• Capturing Demographic Data From All Customer Touch Points
  • Creating Individual Experiences Easily Analyzed in Aggregate
  • Integrating Systems Rather Than Maintaining Channels in Silo

Check out CRM Magazine for the full details about switching from a channel-centered approach to one focused on customers. You can follow CRM Mag @CRM and us @Waterfall.

To quote peers of mine, SaaStr and Jason Lemkin, Waterfall’s cavalry has arrived. Official today, Waterfall has added more than 40 years of mobile marketing sales experience in hiring Jay O’Sullivan, Michael Weaver, Michael Ahearn and Mark Shelley. Needless to say, I’m ecstatic about the leadership qualities, sales skills and professionalism each one brings to the Waterfall team. 

As CEO of an enterprise software company, one of the most difficult tasks to accomplish once you find product / market fit is recruiting and building a dynamite sales team. Relaunching as Waterfall, with the amount of energy we put into our platform and customers, sales leadership was the next building block to add to the equation. Once we acquired waterfall.com and rebranded, we were fortunate to land on the radar of some of the most prominent sales and business development executives in the industry. As the saying goes, sales guys don’t join companies to sell tier two products. They join places where they see an opportunity to make some serious dough.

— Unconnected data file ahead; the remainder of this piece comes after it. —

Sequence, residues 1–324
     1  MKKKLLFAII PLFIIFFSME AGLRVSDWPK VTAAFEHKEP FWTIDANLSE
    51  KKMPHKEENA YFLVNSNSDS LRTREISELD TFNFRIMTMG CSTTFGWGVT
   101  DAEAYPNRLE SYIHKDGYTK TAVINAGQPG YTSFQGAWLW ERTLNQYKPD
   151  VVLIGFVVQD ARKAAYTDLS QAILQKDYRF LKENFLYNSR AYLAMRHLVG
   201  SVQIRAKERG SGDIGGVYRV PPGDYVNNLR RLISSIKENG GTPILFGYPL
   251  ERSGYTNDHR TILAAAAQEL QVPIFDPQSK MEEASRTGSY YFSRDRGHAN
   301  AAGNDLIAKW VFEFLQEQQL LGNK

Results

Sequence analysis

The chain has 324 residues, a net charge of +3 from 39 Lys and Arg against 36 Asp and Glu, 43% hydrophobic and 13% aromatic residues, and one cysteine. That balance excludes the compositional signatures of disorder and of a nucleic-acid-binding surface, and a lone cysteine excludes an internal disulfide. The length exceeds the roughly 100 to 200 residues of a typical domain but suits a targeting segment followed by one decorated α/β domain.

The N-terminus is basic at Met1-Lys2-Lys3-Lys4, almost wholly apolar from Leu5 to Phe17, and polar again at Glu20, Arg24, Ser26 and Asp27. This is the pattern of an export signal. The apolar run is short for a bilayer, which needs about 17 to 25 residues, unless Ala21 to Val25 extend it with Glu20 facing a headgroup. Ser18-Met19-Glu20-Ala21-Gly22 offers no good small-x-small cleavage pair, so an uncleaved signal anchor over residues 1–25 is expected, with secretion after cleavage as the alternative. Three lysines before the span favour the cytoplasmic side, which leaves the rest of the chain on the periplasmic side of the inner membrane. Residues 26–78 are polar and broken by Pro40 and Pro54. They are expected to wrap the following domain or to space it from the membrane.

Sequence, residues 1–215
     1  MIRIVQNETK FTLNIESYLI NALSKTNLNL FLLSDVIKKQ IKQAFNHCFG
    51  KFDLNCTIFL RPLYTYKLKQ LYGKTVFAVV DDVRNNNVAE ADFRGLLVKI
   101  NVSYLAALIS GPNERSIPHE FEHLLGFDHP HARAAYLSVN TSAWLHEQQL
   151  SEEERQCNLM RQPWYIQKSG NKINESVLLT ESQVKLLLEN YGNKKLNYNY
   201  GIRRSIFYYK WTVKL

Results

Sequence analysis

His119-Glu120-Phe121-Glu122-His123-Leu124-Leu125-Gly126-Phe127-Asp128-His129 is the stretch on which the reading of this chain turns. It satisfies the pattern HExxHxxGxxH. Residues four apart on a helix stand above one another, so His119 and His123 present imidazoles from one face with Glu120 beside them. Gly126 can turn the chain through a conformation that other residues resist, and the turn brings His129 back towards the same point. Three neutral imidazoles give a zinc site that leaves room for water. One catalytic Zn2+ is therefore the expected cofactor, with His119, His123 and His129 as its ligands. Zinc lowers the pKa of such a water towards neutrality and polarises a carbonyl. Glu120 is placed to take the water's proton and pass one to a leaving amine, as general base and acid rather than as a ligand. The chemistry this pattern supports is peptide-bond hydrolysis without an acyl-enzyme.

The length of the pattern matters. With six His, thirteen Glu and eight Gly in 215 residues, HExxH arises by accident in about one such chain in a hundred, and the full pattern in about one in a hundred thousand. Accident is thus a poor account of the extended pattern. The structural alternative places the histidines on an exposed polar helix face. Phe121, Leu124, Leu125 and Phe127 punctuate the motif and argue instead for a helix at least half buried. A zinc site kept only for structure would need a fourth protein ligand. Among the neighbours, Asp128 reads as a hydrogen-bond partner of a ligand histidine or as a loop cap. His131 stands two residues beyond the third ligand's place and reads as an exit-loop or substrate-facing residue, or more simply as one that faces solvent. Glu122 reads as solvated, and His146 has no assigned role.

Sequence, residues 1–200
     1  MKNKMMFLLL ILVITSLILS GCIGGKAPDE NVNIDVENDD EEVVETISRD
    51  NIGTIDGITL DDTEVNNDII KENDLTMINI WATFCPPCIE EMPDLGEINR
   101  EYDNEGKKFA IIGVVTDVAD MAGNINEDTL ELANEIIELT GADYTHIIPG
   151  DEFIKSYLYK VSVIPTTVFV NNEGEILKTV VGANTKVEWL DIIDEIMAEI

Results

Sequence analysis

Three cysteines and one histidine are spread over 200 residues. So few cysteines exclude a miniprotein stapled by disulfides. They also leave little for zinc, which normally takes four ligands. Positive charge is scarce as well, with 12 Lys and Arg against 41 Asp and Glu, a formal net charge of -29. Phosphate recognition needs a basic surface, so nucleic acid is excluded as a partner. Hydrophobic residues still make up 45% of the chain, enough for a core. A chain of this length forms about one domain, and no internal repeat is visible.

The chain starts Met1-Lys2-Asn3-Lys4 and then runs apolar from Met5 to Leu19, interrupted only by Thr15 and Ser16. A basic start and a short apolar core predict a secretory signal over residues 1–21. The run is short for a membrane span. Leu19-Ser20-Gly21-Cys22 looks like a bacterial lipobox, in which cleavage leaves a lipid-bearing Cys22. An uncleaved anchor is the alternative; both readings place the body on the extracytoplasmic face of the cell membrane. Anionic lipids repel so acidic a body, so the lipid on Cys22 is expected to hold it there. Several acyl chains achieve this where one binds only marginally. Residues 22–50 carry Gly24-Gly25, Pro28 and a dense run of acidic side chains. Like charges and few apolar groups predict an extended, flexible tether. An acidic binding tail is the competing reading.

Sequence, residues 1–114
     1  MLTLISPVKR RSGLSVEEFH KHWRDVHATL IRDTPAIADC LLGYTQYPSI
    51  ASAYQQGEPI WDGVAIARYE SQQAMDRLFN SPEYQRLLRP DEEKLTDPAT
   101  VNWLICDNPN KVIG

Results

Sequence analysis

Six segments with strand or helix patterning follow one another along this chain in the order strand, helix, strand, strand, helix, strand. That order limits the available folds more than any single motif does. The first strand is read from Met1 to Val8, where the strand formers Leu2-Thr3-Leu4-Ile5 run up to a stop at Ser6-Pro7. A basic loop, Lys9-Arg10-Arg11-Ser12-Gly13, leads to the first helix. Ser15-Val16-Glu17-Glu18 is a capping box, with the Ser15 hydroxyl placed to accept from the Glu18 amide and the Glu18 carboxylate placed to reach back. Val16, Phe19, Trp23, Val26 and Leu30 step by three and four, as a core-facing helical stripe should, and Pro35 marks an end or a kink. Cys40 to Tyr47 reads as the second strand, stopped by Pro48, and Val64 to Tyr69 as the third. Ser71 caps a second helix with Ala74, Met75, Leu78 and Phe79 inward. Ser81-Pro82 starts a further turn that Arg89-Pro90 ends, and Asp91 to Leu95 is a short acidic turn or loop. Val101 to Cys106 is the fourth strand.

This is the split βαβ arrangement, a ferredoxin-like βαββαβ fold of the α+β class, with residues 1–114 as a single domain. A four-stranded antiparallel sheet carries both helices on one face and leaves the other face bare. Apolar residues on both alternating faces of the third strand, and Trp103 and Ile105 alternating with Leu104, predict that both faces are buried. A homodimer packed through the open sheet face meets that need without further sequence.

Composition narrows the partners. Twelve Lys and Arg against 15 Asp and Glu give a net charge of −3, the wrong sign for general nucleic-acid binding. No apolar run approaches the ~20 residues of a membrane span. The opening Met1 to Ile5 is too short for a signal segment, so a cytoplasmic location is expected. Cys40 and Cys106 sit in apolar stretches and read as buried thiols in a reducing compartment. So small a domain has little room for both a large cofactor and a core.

The moment I met each of these industry veterans was instant validation for the hard work Waterfall has put in over the past years. At Waterfall, we’ve been able to develop a self-aware vision of product success, but selling to–and closing–the sellers provides further proof that your company is really onto something. My initial conversation with Jay, Mark and the two Michaels was similar. They started by saying something along the lines of, “You guys are onto something very big,” and “Why do we not see Waterfall in the market more often; your reputation is beyond compare.”